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Iraq elections: Why ruling parties fear the worst

A new election law means Iraq's political elite is less certain of votes. But the lack of a coherent reformist bloc ultimately means the status quo will prevail
Children play in front of a poster of Iraq's populist cleric Muqtada al-Sadr, in Sadr City, east of the capital Baghdad, on 15 July 2021 (AFP)

The upcoming election in Iraq is making the political class that ran the country aground very nervous.

Although the list of candidates in October's poll features no serious challengers with coherent plans to fix things or to replace the ruling parties, the likelihood is that, with moderately high voter turnout, these parties will not be renewed in the halls of parliament for another four-year term. 

Sadr’s withdrawal is a far cry from the upbeat and confident statements made months earlier by some of his close aides

This is mostly why a major political player, Muqtada al-Sadr, said last month that he would not participate in the vote, citing reasons of corruption, failure of reforms and a disingenuous political class sacrificing the interests of Iraq. Invoking these reasons is the usual grandstanding of Iraqi politics.

The truth lies elsewhere: the realisation by Sadrists that they will fare poorly in the election. 

Indeed, some sources close to Sadr talk about their movement getting about half the number of parliamentary seats they got in the 2018 parliamentary election, when their 52 seats made them the top vote-winners. 

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Sadr’s withdrawal is a far cry from the upbeat and confident statements made months earlier by some of his close aides, with claims that Sadrists would comfortably win a parliamentary majority, allowing them to form the next government. In fact, Sadr himself affirmed last November his willingness to participate if  "it turns out that this election will lead to a [Sadrist] majority in the parliament and that the premiership" would be Sadrist.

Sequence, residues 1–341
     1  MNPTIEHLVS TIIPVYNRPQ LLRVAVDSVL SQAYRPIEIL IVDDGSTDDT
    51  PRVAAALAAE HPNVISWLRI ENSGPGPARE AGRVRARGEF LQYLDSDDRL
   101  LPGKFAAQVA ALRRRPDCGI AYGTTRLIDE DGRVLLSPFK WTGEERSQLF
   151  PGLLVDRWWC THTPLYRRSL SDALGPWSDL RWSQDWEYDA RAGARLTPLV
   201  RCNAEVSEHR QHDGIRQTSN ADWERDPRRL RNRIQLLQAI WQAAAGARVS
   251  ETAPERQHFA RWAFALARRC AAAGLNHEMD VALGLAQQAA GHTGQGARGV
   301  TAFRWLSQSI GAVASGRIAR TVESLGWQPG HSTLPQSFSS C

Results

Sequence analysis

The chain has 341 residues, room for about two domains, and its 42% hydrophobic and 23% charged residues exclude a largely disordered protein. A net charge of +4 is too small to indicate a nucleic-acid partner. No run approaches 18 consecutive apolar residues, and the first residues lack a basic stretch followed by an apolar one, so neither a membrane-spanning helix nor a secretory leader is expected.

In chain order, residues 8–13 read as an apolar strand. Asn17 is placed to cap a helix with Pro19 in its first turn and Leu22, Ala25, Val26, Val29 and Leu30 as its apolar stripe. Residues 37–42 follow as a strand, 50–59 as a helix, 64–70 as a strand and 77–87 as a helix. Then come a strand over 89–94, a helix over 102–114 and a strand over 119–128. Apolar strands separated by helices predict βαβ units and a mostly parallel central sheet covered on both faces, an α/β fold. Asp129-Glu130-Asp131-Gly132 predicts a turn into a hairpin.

Ruling parties worried

Sadr is not alone in boycotting the election. Ayad Allawi, the former prime minister and head of the “National Front”, announced his withdrawal, too. The National Dialogue Front, headed by former deputy prime minister, Saleh al-Mutlaq, also said it would not be participating in the upcoming vote.

The government responded by forming a committee to convince the boycotting parties and leaders to change their minds. Other political parties are trying, behind the scenes, to “postpone” the election to its regularly scheduled time, around April 2022. But what can change in six months? Almost nothing.

Iraq elections
The new law deprives party leaders, who normally get lots of votes, from distributing their 'excess' votes to party candidates who scored low (AFP)

Two reasons explain why the Iraqi ruling parties are worried about the October election. 

The first is the new election law, passed in December last year under pressure from protesters. This new law deprives these parties of a significant advantage: the ability of party leaders, who normally get lots of votes, to distribute their “excess” votes to party candidates who scored low. This allows these candidates to win parliamentary seats, while their small-party and independent competitors, who actually got more votes, would have no chance of winning seats.